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Essential Questions, Vocabulary & Extend the Resources:

  • What role(s) does the Supreme Court have as one of the three branches of the federal government?
  • How should precedent influence Supreme Court justices in determining their opinions on cases?
  • To what degree, if any, should public opinion be incorporated into a Supreme Court justice’s decision making process, when determining their opinions on a case?
  • Which of the cases to be decided this term do you believe will be most impactful? Why?
  • “Hard cases make bad law” is an old legal adage, what do you think this means and how does it relate to the Supreme Court?
  • How do you think the Supreme Court will rule on each of the cases? Why?

Click here for a hardcopy of the Essential Questions & Supreme Court Vocabulary

Click here for a hardcopy of the Extend the Resources handout with suggested lesson activities and extensions





A Supreme Court Term Packed With Landmark Cases, Pro Say Podcast, Law 360, October 1, 2021

Justices Head Back to Their Courtroom For New Term, Cases and Controversies, October, 2021

Supreme Court 2021-22 Term Preview, We the People, Center for Civics Education, October, 2021


Recent Articles:

The Major Supreme Court Cases to Watch This Fall, Time, September 28, 2021

Supreme Court justices return for in-person arguments as they face busy term of major cases, Fox News, October 4, 2021

Back in black: U.S. Supreme Court opens its momentous new term, Reuters, October 4, 2021

Guns, God and abortion are on the Supreme Court’s docket this term: Here’s a preview of what to expect, CNBC, October 1, 2021

The Supreme Court’s conservatives cook up a stew of abortion, guns, religion and more, NPR, October 4, 2021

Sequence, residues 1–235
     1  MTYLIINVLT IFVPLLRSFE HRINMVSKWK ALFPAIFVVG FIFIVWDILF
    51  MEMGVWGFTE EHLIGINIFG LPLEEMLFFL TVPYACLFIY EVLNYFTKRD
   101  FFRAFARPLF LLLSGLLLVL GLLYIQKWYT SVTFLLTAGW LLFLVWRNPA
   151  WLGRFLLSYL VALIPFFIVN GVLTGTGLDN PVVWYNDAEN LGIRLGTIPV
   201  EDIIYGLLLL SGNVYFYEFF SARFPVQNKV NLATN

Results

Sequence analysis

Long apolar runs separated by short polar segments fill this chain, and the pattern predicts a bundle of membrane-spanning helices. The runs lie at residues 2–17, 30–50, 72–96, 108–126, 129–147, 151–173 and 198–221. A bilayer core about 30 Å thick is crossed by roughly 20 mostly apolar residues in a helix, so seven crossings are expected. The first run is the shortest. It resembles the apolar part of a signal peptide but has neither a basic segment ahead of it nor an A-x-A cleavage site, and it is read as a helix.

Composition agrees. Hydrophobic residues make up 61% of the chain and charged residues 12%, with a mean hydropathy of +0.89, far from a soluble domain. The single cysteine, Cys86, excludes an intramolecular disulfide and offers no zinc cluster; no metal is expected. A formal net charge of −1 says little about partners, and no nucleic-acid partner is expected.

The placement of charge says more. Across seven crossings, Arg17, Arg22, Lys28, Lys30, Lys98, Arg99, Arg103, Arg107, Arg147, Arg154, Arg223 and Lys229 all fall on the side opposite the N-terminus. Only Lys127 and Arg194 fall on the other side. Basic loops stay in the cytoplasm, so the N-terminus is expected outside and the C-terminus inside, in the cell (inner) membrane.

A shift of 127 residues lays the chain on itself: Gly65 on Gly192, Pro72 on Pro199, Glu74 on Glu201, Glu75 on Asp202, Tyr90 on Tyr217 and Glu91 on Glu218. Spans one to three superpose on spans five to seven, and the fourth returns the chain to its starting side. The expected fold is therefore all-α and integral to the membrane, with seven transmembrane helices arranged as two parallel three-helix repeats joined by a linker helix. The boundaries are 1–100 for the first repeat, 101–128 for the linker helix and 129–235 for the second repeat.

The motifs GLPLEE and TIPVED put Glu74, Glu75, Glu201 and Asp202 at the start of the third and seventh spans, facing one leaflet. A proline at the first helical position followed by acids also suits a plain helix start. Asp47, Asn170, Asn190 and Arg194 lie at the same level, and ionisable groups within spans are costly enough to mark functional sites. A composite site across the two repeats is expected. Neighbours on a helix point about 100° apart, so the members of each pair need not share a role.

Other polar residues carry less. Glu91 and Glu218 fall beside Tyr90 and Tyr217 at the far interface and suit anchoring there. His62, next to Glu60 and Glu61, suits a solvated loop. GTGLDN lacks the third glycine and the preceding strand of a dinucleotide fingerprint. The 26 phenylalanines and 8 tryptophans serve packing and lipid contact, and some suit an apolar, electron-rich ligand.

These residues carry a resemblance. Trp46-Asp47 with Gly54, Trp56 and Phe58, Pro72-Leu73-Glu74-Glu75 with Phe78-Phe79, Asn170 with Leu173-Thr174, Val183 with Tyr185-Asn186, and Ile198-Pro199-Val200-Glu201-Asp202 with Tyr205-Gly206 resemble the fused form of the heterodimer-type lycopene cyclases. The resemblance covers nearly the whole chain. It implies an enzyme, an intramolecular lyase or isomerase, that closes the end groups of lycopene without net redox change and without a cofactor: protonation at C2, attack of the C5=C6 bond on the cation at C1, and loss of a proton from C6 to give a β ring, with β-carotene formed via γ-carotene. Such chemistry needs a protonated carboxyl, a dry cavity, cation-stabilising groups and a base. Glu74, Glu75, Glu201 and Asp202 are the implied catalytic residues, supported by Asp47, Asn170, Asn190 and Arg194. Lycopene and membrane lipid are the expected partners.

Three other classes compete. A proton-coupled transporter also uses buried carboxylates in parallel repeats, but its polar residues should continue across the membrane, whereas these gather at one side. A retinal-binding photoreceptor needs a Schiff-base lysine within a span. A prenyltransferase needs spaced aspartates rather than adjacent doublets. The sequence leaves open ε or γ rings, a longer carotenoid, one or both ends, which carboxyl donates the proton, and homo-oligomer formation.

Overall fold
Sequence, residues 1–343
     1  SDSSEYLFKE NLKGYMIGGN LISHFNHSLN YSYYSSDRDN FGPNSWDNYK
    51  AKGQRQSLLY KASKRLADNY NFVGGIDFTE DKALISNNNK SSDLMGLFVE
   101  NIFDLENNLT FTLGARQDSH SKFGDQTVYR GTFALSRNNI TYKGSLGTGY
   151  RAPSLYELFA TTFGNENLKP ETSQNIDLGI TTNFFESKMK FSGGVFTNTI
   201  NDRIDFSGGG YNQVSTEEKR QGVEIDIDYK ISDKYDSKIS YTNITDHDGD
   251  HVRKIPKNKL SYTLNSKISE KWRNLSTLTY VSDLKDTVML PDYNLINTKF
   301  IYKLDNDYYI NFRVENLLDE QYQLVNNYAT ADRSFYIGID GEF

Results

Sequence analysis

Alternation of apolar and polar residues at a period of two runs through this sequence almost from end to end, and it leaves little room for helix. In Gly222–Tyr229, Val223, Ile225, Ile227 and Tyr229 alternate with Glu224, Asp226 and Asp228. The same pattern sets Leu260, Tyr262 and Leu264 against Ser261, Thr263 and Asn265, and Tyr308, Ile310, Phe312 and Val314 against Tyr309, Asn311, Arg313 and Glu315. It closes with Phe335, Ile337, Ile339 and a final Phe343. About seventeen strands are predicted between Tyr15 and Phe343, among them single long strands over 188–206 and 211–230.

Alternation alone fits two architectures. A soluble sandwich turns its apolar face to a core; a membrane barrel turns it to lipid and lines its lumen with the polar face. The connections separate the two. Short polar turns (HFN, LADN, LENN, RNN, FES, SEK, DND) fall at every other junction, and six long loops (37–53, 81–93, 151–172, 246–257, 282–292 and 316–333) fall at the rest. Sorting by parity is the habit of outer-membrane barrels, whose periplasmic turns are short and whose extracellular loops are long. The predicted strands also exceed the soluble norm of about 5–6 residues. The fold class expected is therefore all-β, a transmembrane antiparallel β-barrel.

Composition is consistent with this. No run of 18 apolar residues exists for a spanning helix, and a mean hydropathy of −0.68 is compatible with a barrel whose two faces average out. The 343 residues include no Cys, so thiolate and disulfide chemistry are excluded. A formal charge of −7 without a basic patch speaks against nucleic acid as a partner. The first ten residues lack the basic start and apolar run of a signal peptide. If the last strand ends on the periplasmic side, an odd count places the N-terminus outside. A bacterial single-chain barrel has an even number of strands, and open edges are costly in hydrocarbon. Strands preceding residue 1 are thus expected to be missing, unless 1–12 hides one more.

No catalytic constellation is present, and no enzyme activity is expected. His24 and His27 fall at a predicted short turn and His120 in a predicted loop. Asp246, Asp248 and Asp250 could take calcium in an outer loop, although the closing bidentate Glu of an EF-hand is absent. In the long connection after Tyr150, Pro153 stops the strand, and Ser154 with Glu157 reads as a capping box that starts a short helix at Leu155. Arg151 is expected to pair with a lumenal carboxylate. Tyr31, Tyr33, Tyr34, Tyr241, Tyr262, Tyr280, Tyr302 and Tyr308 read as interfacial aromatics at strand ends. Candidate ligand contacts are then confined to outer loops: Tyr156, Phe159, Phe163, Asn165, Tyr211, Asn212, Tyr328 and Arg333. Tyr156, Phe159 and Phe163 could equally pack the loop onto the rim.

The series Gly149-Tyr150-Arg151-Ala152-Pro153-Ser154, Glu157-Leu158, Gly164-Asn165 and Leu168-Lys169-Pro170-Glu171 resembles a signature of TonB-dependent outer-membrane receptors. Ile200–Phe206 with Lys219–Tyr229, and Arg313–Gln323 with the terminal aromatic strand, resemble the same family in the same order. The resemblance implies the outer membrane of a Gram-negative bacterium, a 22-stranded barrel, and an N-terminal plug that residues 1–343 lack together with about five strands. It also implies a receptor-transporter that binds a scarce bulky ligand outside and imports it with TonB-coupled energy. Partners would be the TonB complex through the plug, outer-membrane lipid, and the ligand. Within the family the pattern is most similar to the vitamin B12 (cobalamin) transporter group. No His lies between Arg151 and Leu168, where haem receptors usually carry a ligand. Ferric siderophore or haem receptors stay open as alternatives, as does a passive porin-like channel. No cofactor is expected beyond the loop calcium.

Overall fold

Back on the Bench, the Supreme Court Faces a Blockbuster Term, New York Times, October 4, 2021

Here Are the Upcoming Supreme Court Cases That Matter for Schools, Education Week, September 27, 2021


Recent Editorials:

EDITORIAL: Hot-button issues to dominate as high court opens term, Las Vegas Review-Journal, September 29, 2021

Supreme Court’s new term restarts credibility concerns, Baltimore Sun, October 4, 2021


Articles for Elementary Students:

Supreme Court, BrainPop

Explainer: Why the Supreme Court ended up with 9 justices—and how that could change, Newsela, October 28, 2020

The Highest Court in the Land,


Lesson Plans:

The Power and Importance of Precedent in the Decisions of the Supreme Court, Thirteen – PBS

Judicial Review, iCivics

A Conversation on Judicial Interpretation, Annenberg Classroom

The Supreme Court: The Judicial Power of the United States, Edsitement


Media & News Literacy Lesson Plans:

Media Literacy ResourcesNewseum

News & Media Literacy LessonsCommon Sense

Media Misinformation, Viral Deception, and “Fake News”University of Wyoming

Evaluating Sources in a ‘Post-Truth’ World: Ideas for Teaching and Learning About Fake NewsNew York Times Lessons